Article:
iJobs Job Widget
iJobs General

Recruitment Genius: Part Time Male Support Worker / Full Time Driver

£9464 - £12995 per annum: Recruitment Genius: The successful applicant will ne...

Recruitment Genius: Graphic Designer - Product Development

£26000 - £29000 per annum: Recruitment Genius: The Product Development departm...

Recruitment Genius: Marketing and Business Development Officer

£19000 per annum: Recruitment Genius: This hull based charity providing except...

Recruitment Genius: Part Time Female Support Worker

£9464 - £10396 per annum: Recruitment Genius: The successful applicant will ne...

Day In a Page

The Silk Roads that trace civilisation: Long before the West rose to power, Asian pathways were connecting peoples and places

The Silk Roads that trace civilisation

Long before the West rose to power, Asian pathways were connecting peoples and places
House of Lords: Outcry as donors, fixers and MPs caught up in expenses scandal are ennobled

The honours that shame Britain

Outcry as donors, fixers and MPs caught up in expenses scandal are ennobled
When it comes to street harassment, we need to talk about race

'When it comes to street harassment, we need to talk about race'

Why are black men living the stereotypes and why are we letting them get away with it?
International Tap Festival: Forget Fred Astaire and Ginger Rogers - this dancing is improvised, spontaneous and rhythmic

International Tap Festival comes to the UK

Forget Fred Astaire and Ginger Rogers - this dancing is improvised, spontaneous and rhythmic
War with Isis: Is Turkey's buffer zone in Syria a matter of self-defence – or just anti-Kurd?

Turkey's buffer zone in Syria: self-defence – or just anti-Kurd?

Ankara accused of exacerbating racial division by allowing Turkmen minority to cross the border
Doris Lessing: Acclaimed novelist was kept under MI5 observation for 18 years, newly released papers show

'A subversive brothel keeper and Communist'

Acclaimed novelist Doris Lessing was kept under MI5 observation for 18 years, newly released papers show
Big Blue Live: BBC's Springwatch offshoot swaps back gardens for California's Monterey Bay

BBC heads to the Californian coast

The Big Blue Live crew is preparing for the first of three episodes on Sunday night, filming from boats, planes and an aquarium studio
Austin Bidwell: The Victorian fraudster who shook the Bank of England with the most daring forgery the world had known

Victorian fraudster who shook the Bank of England

Conman Austin Bidwell. was a heartless cad who carried out the most daring forgery the world had known
Car hacking scandal: Security designed to stop thieves hot-wiring almost every modern motor has been cracked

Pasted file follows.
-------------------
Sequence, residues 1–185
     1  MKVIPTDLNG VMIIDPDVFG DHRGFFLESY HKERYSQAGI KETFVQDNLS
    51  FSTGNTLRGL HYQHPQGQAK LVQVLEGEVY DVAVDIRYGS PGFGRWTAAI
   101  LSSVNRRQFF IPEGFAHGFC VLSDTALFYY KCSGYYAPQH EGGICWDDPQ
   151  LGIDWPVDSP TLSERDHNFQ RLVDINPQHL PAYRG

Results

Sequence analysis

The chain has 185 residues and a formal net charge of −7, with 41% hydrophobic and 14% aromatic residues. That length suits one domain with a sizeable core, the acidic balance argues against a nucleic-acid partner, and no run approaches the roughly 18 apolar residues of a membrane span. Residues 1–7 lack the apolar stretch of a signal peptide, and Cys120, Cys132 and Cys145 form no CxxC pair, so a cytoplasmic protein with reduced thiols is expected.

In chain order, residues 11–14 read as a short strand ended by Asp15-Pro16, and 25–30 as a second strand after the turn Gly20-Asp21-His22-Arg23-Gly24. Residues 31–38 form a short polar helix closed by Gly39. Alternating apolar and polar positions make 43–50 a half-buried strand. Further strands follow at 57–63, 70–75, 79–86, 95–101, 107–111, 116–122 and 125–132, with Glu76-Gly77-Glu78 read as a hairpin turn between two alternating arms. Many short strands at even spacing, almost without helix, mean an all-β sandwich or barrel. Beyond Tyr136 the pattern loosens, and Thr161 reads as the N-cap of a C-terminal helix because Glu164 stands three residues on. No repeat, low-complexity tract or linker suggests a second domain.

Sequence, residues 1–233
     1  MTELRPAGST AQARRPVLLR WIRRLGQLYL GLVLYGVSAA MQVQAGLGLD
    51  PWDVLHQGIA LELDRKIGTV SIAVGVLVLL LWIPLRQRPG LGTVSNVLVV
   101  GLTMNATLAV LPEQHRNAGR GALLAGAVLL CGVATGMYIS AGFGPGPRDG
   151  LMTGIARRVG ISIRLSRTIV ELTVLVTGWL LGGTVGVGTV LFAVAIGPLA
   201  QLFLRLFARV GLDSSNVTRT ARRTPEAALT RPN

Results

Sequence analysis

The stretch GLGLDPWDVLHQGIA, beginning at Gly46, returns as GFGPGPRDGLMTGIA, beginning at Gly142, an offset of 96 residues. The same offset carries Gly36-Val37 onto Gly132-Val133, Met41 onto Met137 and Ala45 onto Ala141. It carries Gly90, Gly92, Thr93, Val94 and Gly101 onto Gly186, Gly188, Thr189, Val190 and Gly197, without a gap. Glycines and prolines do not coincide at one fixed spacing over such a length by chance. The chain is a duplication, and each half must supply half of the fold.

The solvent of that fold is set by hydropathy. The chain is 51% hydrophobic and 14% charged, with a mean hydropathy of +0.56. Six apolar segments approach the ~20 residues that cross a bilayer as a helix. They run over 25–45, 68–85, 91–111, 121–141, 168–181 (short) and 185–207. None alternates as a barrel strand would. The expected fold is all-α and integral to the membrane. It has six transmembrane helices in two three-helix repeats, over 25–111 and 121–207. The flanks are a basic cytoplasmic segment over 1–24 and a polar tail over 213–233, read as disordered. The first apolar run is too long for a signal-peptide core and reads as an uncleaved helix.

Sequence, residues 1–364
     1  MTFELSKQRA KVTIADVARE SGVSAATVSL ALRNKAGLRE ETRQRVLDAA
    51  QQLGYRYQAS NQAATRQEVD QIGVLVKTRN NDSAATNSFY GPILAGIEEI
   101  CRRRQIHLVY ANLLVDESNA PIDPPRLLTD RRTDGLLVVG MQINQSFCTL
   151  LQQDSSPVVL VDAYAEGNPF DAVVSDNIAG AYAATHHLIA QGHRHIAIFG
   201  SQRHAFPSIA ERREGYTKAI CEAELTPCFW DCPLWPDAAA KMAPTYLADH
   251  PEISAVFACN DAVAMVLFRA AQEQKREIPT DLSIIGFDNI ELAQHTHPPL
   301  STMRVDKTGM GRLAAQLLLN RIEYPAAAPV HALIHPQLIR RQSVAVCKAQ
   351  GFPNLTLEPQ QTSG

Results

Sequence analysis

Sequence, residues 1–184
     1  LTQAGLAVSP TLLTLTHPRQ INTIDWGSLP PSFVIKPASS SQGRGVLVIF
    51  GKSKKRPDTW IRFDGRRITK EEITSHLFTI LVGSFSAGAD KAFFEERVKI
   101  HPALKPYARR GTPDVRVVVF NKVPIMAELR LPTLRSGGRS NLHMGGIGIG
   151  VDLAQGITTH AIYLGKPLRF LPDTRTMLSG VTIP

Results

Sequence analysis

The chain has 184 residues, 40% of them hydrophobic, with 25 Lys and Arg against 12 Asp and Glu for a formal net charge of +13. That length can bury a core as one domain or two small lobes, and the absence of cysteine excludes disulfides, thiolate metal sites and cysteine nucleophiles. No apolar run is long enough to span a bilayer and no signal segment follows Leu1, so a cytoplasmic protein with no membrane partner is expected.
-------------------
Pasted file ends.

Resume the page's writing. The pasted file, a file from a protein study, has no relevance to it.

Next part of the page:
Car hacking scandal

Security designed to stop thieves hot-wiring almost every modern motor has been cracked
10 best placemats

Take your seat: 10 best placemats

Protect your table and dine in style with a bold new accessory
Ashes 2015: Alastair Cook not the only one to be caught in The Oval mindwarp

Cook not the only one to be caught in The Oval mindwarp

Aussie skipper Michael Clarke was lured into believing that what we witnessed at Edgbaston and Trent Bridge would continue in London, says Kevin Garside
Can Rafael Benitez get the best out of Gareth Bale at Real Madrid?

Can Benitez get the best out of Bale?

Back at the club he watched as a boy, the pressure is on Benitez to find a winning blend from Real's multiple talents. As La Liga begins, Pete Jenson asks if it will be enough to stop Barcelona
Athletics World Championships 2015: Beijing witnesses new stage in the Jessica Ennis-Hill and Katarina Johnson-Thompson heptathlon rivalry

Beijing witnesses new stage in the Jess and Kat rivalry

The last time the two British heptathletes competed, Ennis-Hill was on the way to Olympic gold and Johnson-Thompson was just a promising teenager. But a lot has happened in the following three years
Jeremy Corbyn: Joining a shrewd operator desperate for power as he visits the North East

Jeremy Corbyn interview: A shrewd operator desperate for power

His radical anti-austerity agenda has caught the imagination of the left and politically disaffected and set a staid Labour leadership election alight
Isis executes Palmyra antiquities chief: Defender of ancient city's past was killed for protecting its future

Isis executes Palmyra antiquities chief

Robert Fisk on the defender of the ancient city's past who was killed for protecting its future